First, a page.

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Technology and the Freelance Writer

technology and the freelance writerI sometimes forget how daunting technology can be – at least until I try to do something new on my computer.

For example, for sales letters I’m now using a program from Thrive Themes. It makes much prettier pages than I can do on my own and I’ll eventually convert the whole site to one of their themes.

But the program drives me bonkers, or it did at first. There’s a learning curve with everything.

Or consider Dragon Naturally Speaking. While it doesn’t elminiate all the mousing, or even most of it, dictating to my computer is saving my hands, wrists and shoulders – even though I find some of the way the software works totally a total kludge. (A geeky term meaning “a workaround or quick-and-dirty solution that is clumsy, inelegant, difficult to extend and hard to maintain, yet an effective and quick solution to a problem.”)

I know I’m not alone because I’m often asked questions about technology. Websites seem to be a particular problem with people experiencing anguish over choosing a domain name, through installing and using WordPress.

We aren’t born using computers

Even the kids today weren’t really born knowing how to use smart phones and computers. It just seems that way.

Which is, of course, part of the problem. We think, because we see others do it, we should be able to do it too. I remember when I first started living on a houseboat. I could hardly tell sail boats from power boats. I felt totally dumb! My desire to learn to use boats well outweighed my embarrassment, but only when I figured out I could only ask two or three questions about boats in any given day. Any more and I’d start to feel stupid about everything, not just lacking in boat knowledge.

I’ve seen my computer game designer millennial granddaughter get frustrated with technology, and I’ve heard my 9 year old granddaughter get more than annoyed when something on the home iPad doesn’t work the way she’s sure it should.

It helps me to remember that computers, like cars, toasters and typewriters of old all have learning curves.

Technology and the freelance writer

One of the reasons I believe so many freelance writers grumble about technology – including the services that all of a sudden update their interface, leaving us feeling helpless – is because we deal with it every day.

I’m sure there are still a few writers in the world who use pencil and paper or pen. But for the most part freelance writers now use computers to get the writing done. Since a much work is done via the Internet most at least know how to bring up a webpage and send and receive email.

Come to think about it, word processing, surfing the net, and sending and receiving email may be all the technology a writer needs. Add a cell phone and that’s pretty much it.

Of course, these bloody computers offer us so much more. We can find free photos to use, we can secure documents in PDF format; we can create and maintain a professional website; we can pick and choose our way through social media to make connections with clients and other writers; we can find forums where we can get questions answered and where we can demonstrate our own knowledge — the list of nice to do’s or nice to have is pretty close to endless. Every single thing on this list and almost everything in life has a learning curve. We can get caught up learning about so many bells and whistles we never have time to write.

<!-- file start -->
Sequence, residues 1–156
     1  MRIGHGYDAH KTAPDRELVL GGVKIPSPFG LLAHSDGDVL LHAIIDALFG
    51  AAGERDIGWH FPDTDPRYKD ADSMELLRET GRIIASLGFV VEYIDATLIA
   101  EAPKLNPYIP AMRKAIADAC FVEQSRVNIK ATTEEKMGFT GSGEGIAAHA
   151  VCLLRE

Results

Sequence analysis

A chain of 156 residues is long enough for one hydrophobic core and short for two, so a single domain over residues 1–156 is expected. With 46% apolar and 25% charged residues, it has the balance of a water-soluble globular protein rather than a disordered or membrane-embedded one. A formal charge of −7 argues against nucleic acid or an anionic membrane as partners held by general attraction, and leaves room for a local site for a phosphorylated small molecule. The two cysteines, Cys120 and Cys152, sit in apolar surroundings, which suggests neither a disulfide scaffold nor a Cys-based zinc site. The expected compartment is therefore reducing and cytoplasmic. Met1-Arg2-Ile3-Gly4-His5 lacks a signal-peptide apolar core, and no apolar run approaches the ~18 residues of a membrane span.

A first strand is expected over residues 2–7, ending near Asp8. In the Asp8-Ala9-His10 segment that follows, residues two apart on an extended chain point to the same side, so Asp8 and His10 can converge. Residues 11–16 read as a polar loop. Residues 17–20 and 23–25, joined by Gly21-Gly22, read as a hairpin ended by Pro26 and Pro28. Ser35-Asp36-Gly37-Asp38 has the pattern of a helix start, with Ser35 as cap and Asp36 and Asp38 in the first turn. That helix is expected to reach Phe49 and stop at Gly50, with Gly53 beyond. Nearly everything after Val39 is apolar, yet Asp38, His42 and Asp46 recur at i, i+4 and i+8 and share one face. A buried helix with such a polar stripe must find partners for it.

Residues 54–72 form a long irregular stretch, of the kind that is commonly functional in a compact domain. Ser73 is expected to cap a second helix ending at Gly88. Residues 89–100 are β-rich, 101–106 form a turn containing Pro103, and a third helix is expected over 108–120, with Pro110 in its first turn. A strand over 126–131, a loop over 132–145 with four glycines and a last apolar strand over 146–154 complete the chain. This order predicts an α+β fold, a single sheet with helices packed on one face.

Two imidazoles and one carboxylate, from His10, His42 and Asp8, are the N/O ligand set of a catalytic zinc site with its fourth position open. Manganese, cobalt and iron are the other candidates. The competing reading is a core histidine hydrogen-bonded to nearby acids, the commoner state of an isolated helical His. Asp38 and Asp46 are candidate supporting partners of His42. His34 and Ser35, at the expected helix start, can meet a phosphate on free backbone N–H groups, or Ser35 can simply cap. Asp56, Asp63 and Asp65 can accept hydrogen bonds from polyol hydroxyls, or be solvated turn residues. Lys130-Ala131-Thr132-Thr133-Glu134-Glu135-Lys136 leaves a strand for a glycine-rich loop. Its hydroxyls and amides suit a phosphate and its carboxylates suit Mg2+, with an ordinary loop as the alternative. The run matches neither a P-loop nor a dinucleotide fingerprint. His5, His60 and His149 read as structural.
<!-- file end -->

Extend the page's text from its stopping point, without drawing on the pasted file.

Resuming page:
And I haven’t begun to address issues like computer failure, upgrades, and interacting with the dreaded technical support.

It won’t break

If you don’t take a hammer to computer or monitor, the chances of you doing any permanent damage are close to nil. Sure, you may hit a combination of keystroke you can never duplicate that causes a document to disappear — saving often solves this.

When I made the switch from PC to Mac I was working for match.com as one of the first 30 or so employees. I quickly discovered a guy who could answer my questions about the new computer use in ways that I understood. One day after I’d asked who knows how many questions he said to me, quote “Anne, push some buttons!”

He was exactly right. Sometimes you have to poke around clicking on buttons trying different items on your keyboard, and other experiments to really learn how to use a new computer properly.

Ask questions

These days I often ask Google for answers to computer questions. It’s amazing how often I can quickly find a solution to software problems and hardware problems.

Forums for particular software, and hardware are often helpful. I find helpful forums by asking Google.

Learning to ask for help is a big success – and it can start in tech.

Interested in learning more about using technology as a freelance writer? I’m starting a mailing list for writers interested in technology – you can join here.

Write well and often,

annesig.

 

 

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{ 4 comments… add one }
  • Time to time we are developing day by day, and writing skills we encouraging to next level but if we talk about technology and free lancers , a human is creator or machines and free lancers are human they now how to use technology to create best of best writing articles with there skills which an machine cant do.

  • Anne, I’m also a big fan of using Google to solve problems, and not just computer problems. I use it for home repair projects, car maintenance — anything and everything.
    John Soares recently posted..Successful Freelance Writers Write WellMy Profile

    • John, I’m almost, not quite, embarrassed to say how often I use google – everything from spelling to, yes, car repair!

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